Ethnic minorities in Lao struggle with pregnancy-related deaths and infant mortality

ethnic minorities in lao struggle with pregnancy related deaths and infant mortality

Pregnancy-related deaths of women and infant mortality still plague some impoverished, rural provinces of Laos, mainly due to a lack of nutrition and access to health care, despite declines in these figures for the entire country, according to Lao health officials and a United Nations agency.

The rate of women who die while giving birth and newborns is pervasive among ethnic citizens who live in rural areas where medical care is scarce, especially in Sekong, Borikhamxay and Luang Prabang provinces, they said. 

The country had an infant mortality rate of 35 deaths per 1,000 live births in 2020, a decline from 52 deaths per 1,000 live births reported a decade earlier, according to data from The United Nations Children’s Fund, or UNICEF.

The country’s maternal mortality ratio — the number of maternal deaths per 100,000 live births — stood at 185 as of 2017, the latest year for which data is available from UNICEF. This figure has also seen a steady drop from 360 deaths per 100,000 live births a decade ago, and 544 in 2000.

Poverty is widespread in Laos, and is especially severe for children from the dozens of ethnic minority groups who live in rural areas, where most families depend on agriculture to make a living and lack access to basic services, including health care, sanitation and food, according to Save The Children. 

As a result, Laos has one of the highest child mortality rates in Southeast Asia, with one child in 22 dying before their fifth birthday — seven times the child mortality rate in the United States, the NGO says.

In the last nine months, five pregnant women died while giving birth, and there were nine infant deaths per 1,000 births, mostly ethnic minority children, in Lanam district, Sekong Province, said a health official there who declined to be identified so as to speak freely.

Pregnant women in the district continue to work long hours in the fields, making them prone to death when it comes time to give birth, she said. Some of the deaths occurred when the women gave birth alone in their huts next to the family rice fields. Others occurred because the women were malnourished.

“Pregnant women work harder than men every day in the fields without rest, and some work requires carrying heavy loads,” the health official said. “Health care workers advise them not to do it, but they still do. [Yet], we try to ask the families not to let pregnant women work in the fields.”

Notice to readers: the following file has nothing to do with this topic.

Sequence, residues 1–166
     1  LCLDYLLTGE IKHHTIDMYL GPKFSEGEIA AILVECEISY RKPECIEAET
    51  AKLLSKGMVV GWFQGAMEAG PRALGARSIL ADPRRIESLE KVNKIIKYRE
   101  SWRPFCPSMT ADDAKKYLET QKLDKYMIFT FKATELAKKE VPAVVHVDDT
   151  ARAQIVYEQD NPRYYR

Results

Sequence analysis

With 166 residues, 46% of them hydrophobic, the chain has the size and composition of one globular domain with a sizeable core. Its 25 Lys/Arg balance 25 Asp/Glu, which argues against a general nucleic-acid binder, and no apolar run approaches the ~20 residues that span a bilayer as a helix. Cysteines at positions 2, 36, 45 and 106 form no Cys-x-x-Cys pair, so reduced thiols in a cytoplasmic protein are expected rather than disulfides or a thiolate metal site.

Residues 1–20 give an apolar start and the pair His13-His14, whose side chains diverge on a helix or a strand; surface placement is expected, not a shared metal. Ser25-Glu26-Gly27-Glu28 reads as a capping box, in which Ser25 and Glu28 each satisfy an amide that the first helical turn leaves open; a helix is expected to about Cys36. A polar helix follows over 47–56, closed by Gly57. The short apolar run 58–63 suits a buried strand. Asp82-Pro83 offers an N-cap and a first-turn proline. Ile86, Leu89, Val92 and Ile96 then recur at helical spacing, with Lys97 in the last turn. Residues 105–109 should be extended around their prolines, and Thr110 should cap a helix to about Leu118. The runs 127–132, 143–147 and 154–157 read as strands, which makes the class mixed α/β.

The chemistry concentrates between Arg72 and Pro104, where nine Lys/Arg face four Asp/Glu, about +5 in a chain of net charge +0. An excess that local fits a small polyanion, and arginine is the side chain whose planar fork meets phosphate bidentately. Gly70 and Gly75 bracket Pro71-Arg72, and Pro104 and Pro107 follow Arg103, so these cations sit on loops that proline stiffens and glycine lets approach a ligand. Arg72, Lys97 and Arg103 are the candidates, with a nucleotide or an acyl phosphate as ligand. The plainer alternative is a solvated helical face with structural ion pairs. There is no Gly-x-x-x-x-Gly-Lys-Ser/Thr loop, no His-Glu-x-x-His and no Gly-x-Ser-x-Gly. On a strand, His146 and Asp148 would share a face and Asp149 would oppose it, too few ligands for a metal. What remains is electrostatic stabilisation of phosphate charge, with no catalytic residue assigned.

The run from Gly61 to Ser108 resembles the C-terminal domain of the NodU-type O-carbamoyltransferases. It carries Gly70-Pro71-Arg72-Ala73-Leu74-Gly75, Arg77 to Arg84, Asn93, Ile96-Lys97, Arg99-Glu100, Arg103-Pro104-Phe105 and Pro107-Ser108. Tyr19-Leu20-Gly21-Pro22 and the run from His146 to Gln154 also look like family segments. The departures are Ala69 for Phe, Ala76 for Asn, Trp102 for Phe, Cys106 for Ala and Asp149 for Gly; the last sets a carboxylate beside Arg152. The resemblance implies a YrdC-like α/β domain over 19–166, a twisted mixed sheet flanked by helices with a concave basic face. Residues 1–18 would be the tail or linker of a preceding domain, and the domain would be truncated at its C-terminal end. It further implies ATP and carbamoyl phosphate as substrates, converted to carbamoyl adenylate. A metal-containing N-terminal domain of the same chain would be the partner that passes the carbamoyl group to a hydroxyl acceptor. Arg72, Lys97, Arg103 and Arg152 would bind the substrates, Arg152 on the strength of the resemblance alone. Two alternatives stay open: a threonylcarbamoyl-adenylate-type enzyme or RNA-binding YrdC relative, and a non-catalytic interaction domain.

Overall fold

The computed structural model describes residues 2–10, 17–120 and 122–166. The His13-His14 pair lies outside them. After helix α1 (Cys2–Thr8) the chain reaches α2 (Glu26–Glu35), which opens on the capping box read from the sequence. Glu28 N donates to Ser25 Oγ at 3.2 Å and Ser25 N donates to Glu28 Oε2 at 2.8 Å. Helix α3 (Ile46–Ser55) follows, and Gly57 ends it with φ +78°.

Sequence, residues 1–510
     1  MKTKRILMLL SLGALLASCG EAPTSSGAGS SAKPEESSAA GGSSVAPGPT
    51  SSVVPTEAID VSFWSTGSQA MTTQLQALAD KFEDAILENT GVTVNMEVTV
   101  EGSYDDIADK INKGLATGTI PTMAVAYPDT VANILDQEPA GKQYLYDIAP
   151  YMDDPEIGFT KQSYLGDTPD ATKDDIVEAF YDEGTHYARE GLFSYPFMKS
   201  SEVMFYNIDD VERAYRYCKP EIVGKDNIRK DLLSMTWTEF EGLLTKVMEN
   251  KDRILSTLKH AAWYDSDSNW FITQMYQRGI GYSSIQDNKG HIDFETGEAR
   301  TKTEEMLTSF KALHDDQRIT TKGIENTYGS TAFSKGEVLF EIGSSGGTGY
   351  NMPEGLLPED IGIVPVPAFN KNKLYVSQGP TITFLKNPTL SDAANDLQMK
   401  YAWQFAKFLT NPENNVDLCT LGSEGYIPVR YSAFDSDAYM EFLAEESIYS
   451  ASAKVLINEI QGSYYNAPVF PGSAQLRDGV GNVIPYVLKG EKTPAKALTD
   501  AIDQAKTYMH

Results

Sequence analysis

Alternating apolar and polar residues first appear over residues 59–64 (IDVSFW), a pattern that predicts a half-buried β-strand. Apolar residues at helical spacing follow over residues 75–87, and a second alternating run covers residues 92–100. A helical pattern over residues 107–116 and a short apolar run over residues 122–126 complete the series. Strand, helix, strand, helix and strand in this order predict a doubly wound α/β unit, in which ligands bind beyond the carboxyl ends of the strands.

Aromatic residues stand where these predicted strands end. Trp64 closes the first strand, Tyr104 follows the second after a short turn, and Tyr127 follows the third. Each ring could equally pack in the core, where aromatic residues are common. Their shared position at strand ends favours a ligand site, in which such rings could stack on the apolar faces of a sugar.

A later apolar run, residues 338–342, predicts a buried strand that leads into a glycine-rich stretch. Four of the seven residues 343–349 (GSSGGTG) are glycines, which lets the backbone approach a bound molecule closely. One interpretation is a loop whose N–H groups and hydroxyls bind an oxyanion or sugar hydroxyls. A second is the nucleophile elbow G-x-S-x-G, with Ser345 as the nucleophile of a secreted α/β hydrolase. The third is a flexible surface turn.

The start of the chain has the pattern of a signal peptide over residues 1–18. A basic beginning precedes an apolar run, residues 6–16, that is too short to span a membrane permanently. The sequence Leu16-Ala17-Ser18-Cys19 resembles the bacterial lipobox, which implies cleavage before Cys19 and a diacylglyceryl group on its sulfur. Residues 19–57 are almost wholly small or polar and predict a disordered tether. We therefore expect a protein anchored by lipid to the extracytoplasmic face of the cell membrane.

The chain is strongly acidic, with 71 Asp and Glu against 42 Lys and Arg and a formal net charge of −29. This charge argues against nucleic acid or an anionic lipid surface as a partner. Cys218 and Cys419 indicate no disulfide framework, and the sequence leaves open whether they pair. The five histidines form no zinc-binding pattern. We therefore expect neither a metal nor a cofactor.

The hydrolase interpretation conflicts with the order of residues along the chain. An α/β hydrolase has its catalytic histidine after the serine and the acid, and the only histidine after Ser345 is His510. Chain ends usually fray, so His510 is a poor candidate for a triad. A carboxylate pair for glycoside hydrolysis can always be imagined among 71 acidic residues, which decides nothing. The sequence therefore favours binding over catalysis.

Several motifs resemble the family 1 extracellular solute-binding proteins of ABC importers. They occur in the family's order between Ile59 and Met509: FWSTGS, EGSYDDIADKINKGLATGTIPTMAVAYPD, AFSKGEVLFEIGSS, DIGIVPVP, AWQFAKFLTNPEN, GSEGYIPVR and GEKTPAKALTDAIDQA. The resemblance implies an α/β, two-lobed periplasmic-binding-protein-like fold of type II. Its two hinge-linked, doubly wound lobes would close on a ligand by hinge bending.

The infant deaths were due to birth defects, from babies not fully developing in their mothers’ wombs and from premature births, sometimes at seven months into the pregnancy, she said. 

“Some were not strong enough when they were born, and they couldn’t drink milk when their mothers breastfed them,” she said.

The high mortality rates for pregnant women and infants mean that Sekong province will not achieve the government’s target of reducing the death rates to zero, said the health official. 

In Borikhamxay district of Borikhamxay province, there were about three infant deaths per 1,000 newborns and one death of a pregnant woman while giving birth in the past nine months, said a health official from the district. 

“The infant deaths were due to premature births, and the woman died after giving birth at a hospital because she worked too hard in the fields while pregnant,” the official said.

In Phonthong district of Luang Prabang province, one ethnic Hmong woman died while giving birth and two infants passed away since the beginning of the year until October, said a district health official. 

“This is the first case that a pregnant woman has died while giving birth, and it is very sad that she arrived at the hospital too late,” the official said. “We used to advise them [pregnant women] to come early, but they didn’t do it because they live in remote areas.”

The provincial Health Department’s target is to get the death rate down to zero, but “we are short of the target,” said the official.

About 70 percent of the population in Luang Prabang province comes from ethnic minority groups, many of whom live in remote mountainous areas without access to local health services or trained midwives, according to Save The Children. 

Families in these communities are less aware of what pregnant women, newborns and young children need to stay healthy and grow well, says the NGO, which equips remote health centers with essential medical equipment and supports mobile health clinics so they can reach isolated communities.

Save the Children also raises awareness about how pregnant mothers and babies can stay healthy through nutrition, better sanitation and regular health checks.  

Translated by Sidney Khotpanya for RFA Lao. Written in English by Roseanne Gerin.

RFA

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